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Old 04-26-11, 09:44 PM   #19
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Some years back a dealer called me and asked if I could get a bottom bracket tap out of a brand new Colnago frame. His mechanic was prepping the sold frame for a build out. It got a bit tight, and he tried to bull it through, until he sheered the pins off the Campy tap handles. Par for the course, they tried working at it themselves before calling and they were seriously stuck.

4 hours of serious elbow grease later I got them out, but next time, the frame and tap go to the bin before I go through that again. BTW- it was a favor for a good customer so no money changed hands, just a few beers.
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Old 04-26-11, 10:19 PM   #20
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Try swapping everything over to a smaller sized frame when a customer orders the wrong size, on a 2011 Giant Trinity SL1!!?? Most monumental pain in the rear job I've ever been handed..,,,,BD

Internal routed EVERYTHING... Completely unreal....! I'd rather rebuild 10 cottered crank bottom brackes on bike boom era road bikes.

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Old 04-26-11, 11:07 PM   #21
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Not a bike I worked on, but it was a long-term project in the shop where I worked: customer brings in a frame and a box of parts he wants put back together. He had disassembled it and then sent it to a plating shop- completely chrome-plated. Very nice, very, pretty... oops, he hadn't removed the right-side bottom bracket cup. Ever try to remove a chromed-over BB cup? I don't think it can be done. The ace mechanic tried a couple different tools (including a Stein double-clamp type wrench) before crying "uncle" and sawing it in half with a carbide saw from the inside. Then we had to clean up the BB threads. Remember that the whole frame was chromed? Yep, plating in the BB threads.

Just to make it a little more interesting, it turns out the bike has Swiss threads. How do you find a set of Swiss BB taps (bearing in mind this was about 1980)? How do you convince the (very frugal) shop owner to pony up for some expensive tools that would likely be used once and never used again? Finally, after weeks of searching, the frame went out to a framebuilder who had the correct taps.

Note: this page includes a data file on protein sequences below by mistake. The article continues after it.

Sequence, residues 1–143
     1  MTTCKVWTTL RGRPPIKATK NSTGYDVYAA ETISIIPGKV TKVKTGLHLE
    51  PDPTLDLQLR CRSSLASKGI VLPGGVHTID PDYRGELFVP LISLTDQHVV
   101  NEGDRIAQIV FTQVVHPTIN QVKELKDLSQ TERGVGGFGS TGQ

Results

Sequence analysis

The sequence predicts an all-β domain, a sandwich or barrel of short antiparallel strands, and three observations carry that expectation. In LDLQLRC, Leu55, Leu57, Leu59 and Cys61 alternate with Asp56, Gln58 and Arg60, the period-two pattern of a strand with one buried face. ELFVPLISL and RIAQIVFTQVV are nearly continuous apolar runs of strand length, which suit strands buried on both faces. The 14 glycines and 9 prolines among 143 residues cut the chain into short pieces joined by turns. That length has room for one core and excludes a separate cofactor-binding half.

So, the fixed cup is toast. Where do you find a Swiss-thread replacement? I don't know either- we ended up buying a Phil Wood BB and selling it to the customer at cost. The rest of the bike went together pretty nicely. It was Campy Nuovo Record mostly (the frame seemed to be a high-end racing bike- hard to tell with all the chrome), but here's the kicker: because the customer wanted to ride in his flip-flops, we installed Schwinn rubber-block pedals. I think we finished the bike 3 or 4 months after it first came through the door.

Chrome frame, full Campy NR, rubber pedals, flip-flops. Makes quite an image, doesn't it? It's stuck with me for 30 years.
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Old 04-27-11, 01:11 AM   #22
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Getting a dead cottered BB out of an old Raleigh and replacing it with a modern BB, a process that partially damaged the BB threads:

http://www.bikeforums.net/showthread...m-bracket-mess
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Old 04-27-11, 09:50 AM   #23
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I think bikes are the reason I stopped owning and working on cars as much as I used to. Cars are much more of a pain in the ass.

Bikewise though, probably getting aluminum seatposts/stems out of steel frames. Also some old 10-speed bottom bracket cups that never want to come out.
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Old 04-27-11, 10:04 AM   #24
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Frozen seat posts and stems... few things are more challenging than this.
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Old 04-27-11, 10:30 AM   #25
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I used to volunteer at a bike co-op and the standard practice was, before doing anything else to a bike, check that the seatpost, stem and bottom bracket cups were not stuck, and if they were, strip all usable parts and trash the frame. The only exceptions being nice quality frames with these problems when enough volunteers were available... the hours spent removing a bottom bracket from Bianchi Grizzly or Rocky Mountain Fusion didn't feel as wasted as the same hours spent removing a seatpost from a Free Spirit or Supercycle.

Generally the bikes that were worth the effort were monumental PITAs - usually involving stripping all parts except the seized ones and improvising tools and cheater bar arrangements to maximise the chances of removal.